Ranchers in South America found the little horses and kept raising smaller and smaller horses from them. Some of them are now less than thirty inches tall so a very small child could ride them, but many of our miniature horses are used to pull carts. Have you ever heard of seeing-eye horses? Sometimes miniature horses are used instead of dogs to assist people who cannot see well.
How many miniature horses can you find on our web site?
FUN PONY GAME
PONY, PONY HORSE
This traditional party game of Duck, Duck, Goose is perfect for the restless ponies J All children must sit in a circle. Choose one child to be ‘it’ they must walk around the outside of the circle tapping each child on the head saying ‘duck’ ‘duck’. They choose one person to be ‘goose’. The child who is ‘it’ then must run around the circle to get back and sit in the gooses spot. The goose must chase after them, attempting to catch them before they get back to their spot. The goose then becomes ‘it’.
Did you ever wonder why there are enormous horses and why anyone would want one?
During the Middle Ages, more than 600 years ago, these horses were used to carry armored knights.
The knights weren't the only ones who wore protected/ the horses also wore armor, so they had to be very big and strong.
What Is a Clydesdale Horse?
Imagine you are at a parade. Floats roll by, and marching bands play. Then, around the corner comes the largest horse you've ever seen! It's tall and brown and has some... fluffy feet!?
You have just met a Clydesdale horse.
How big is a Clydesdale Horse?
Clydesdale horses are very, very big. They range in height from 64 to 72 inches from their foot to their shoulder. That's about six feet tall, so that means that many Clydesdales are taller than the average adult man! They also weigh about 2,000 pounds, which is one ton!
Even baby Clydesdales are very big. A newborn baby can weigh up to 180 pounds.
Clydesdales' feet can be as large as dinner plates, and their horseshoes weigh about 5 pounds apiece. That's as much as a carrying a bag of sugar on each foot!
What Do Clydesdale Horses Eat?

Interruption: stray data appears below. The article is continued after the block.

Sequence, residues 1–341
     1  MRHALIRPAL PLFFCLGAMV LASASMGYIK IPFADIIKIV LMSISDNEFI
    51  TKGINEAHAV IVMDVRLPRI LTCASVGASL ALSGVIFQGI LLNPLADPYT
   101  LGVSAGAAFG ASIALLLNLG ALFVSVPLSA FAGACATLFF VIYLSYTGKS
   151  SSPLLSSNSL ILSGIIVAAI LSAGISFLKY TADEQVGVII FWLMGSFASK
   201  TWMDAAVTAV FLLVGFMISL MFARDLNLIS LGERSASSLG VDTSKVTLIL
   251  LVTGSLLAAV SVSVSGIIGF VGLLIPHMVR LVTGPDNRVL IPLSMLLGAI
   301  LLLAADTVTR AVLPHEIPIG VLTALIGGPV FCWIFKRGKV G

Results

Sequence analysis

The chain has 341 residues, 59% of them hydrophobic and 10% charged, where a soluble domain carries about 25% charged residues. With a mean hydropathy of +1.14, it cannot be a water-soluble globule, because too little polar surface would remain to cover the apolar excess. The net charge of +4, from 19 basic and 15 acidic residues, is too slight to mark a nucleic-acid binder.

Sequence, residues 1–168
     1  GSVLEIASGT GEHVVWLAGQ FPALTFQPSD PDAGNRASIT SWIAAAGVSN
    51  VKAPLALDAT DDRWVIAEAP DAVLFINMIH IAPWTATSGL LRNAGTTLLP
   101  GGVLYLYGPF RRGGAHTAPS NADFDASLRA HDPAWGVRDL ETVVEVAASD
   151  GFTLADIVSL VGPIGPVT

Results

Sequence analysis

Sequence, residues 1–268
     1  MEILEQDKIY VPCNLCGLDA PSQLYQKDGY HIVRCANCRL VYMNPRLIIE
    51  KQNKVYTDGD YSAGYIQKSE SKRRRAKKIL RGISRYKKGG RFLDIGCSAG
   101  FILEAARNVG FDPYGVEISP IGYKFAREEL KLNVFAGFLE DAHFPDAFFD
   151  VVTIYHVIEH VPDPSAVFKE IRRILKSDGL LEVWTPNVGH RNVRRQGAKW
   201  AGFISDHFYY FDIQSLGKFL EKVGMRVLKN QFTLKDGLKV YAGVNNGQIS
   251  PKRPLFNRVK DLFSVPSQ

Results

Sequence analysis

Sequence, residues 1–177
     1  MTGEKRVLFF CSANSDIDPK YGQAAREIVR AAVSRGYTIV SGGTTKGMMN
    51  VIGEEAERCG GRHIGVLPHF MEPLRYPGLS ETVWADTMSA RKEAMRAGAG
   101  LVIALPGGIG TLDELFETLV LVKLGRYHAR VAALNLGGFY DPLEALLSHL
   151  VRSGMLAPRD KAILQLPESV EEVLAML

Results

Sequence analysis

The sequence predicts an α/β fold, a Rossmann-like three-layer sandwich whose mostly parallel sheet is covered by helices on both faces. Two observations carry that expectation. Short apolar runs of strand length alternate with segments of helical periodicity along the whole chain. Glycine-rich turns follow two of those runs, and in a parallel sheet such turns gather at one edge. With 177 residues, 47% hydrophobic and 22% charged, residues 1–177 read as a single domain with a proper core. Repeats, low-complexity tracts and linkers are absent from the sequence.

Clydesdale horses, like all horses, are herbivores. That means they eat plants and grain. These huge herbivores eat an enormous amount of hay and grain feed every day. An adult might eat up to 50 pounds of hay and 10 pounds of grain. That's double the amount of food that other horse breeds eat!
Big baby Clydesdales also eat a lot. In order to support their growing bodies, Clydesdale moms may produce up to 100 pounds of milk per day for their babies. This rich, nutritious milk can help a baby Clydesdale gain up to 4 pounds a day.
A Clydesdale inside?!
A Clydesdale inside?!
We are the only company in the country that offers the opportunity to get "up close and personal" with a Clydesdale.
See our "Ride the Clyde" party options.
What am I?
You may know me from the television, as I like to appear in alot of commercials. You will usually see me with the rest of my team, pulling a large wagon. To some, I am a horse of grace and beauty. Some people even call me the "Rockstar of the horse world".
* the answer is above...
Many of our Chamberlin event managers have Paint horses and ponies. When you think of painted ponies, you probably think of a Native American rider on a pinto blending so perfectly into the scenery around it that they look like they are wearing camouflage. Maybe you have heard of a breed called the Paint Horse. This unusual horse looks like someone threw a bucket of white paint over its colored coat.
Other horses that look a lot like them are called Piebalds and Skewbalds. Some horses with small spots are called dappled. The roan horse is spotted, but the spots are so close together that they seem to be one color. Appaloosa horses many times start out as a horse with a white coat, but as they age they develop spots in different patterns. One of the more interesting color combinations is the Grulla horse. It looks like it has a broad stripe running down it's back, with stripes extending down its sides.
If someone says your horse has a snip, star, stripe or blaze, they are usually talking about white areas on his face. Areas like these on its legs are usually referred to as stockings or socks. Although true painted ponies just look like they are painted, some of the old-time horse traders or race-horse owners really painted ponies. They substituted one horse for another and covered up distinctive markings with real paint to trick the horse's buyer.
How many Painted horses or ponies can you find on our web site?
Watch your fingers!
Feeding a horse
It is important to remember whenever you feed a horse that you will always want to hold your hand opened out flat with the food on your palm. Horses don't eat like people/ horses use their lips and teeth like fingers to pick up their food and may mistake your fingers for a carrot.
A horse in Striped Pajamas
When you cross a horse and a donkey, you get a mule. But what about a zebra and a donkey?
Zebra/donkey hybrids do occur in nature, for example in South Africa, where zebras and donkeys live close to each other, but they are exceptionally rare.
Chamberlin has the only Zedonk available for riding in Michigan.
Can you find the Zedonk on our web site?